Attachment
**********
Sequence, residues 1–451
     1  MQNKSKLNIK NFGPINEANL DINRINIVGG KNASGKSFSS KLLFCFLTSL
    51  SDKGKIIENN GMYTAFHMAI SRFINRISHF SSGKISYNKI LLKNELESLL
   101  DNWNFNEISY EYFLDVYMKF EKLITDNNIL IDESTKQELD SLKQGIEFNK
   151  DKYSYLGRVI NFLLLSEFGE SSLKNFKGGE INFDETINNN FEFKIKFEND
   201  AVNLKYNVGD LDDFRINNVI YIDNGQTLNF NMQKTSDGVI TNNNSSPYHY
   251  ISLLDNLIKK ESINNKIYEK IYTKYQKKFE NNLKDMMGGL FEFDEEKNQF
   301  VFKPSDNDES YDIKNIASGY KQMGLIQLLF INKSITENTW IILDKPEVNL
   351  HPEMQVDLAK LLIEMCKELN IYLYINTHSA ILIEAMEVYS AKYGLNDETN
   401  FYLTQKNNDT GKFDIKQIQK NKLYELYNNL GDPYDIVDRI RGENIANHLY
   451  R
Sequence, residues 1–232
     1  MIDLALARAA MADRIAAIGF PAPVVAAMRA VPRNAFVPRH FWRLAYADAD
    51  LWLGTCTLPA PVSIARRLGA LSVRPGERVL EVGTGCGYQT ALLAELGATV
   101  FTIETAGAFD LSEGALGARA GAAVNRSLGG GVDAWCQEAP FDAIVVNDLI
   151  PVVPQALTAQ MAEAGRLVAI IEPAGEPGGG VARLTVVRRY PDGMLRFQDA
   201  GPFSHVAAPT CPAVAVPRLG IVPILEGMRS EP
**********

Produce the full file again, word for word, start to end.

Sequence, residues 1–451
     1  MQNKSKLNIK NFGPINEANL DINRINIVGG KNASGKSFSS KLLFCFLTSL
    51  SDKGKIIENN GMYTAFHMAI SRFINRISHF SSGKISYNKI LLKNELESLL
   101  DNWNFNEISY EYFLDVYMKF EKLITDNNIL IDESTKQELD SLKQGIEFNK
   151  DKYSYLGRVI NFLLLSEFGE SSLKNFKGGE INFDETINNN FEFKIKFEND
   201  AVNLKYNVGD LDDFRINNVI YIDNGQTLNF NMQKTSDGVI TNNNSSPYHY
   251  ISLLDNLIKK ESINNKIYEK IYTKYQKKFE NNLKDMMGGL FEFDEEKNQF
   301  VFKPSDNDES YDIKNIASGY KQMGLIQLLF INKSITENTW IILDKPEVNL
   351  HPEMQVDLAK LLIEMCKELN IYLYINTHSA ILIEAMEVYS AKYGLNDETN
   401  FYLTQKNNDT GKFDIKQIQK NKLYELYNNL GDPYDIVDRI RGENIANHLY
   451  R
Sequence, residues 1–232
     1  MIDLALARAA MADRIAAIGF PAPVVAAMRA VPRNAFVPRH FWRLAYADAD
    51  LWLGTCTLPA PVSIARRLGA LSVRPGERVL EVGTGCGYQT ALLAELGATV
   101  FTIETAGAFD LSEGALGARA GAAVNRSLGG GVDAWCQEAP FDAIVVNDLI
   151  PVVPQALTAQ MAEAGRLVAI IEPAGEPGGG VARLTVVRRY PDGMLRFQDA
   201  GPFSHVAAPT CPAVAVPRLG IVPILEGMRS EP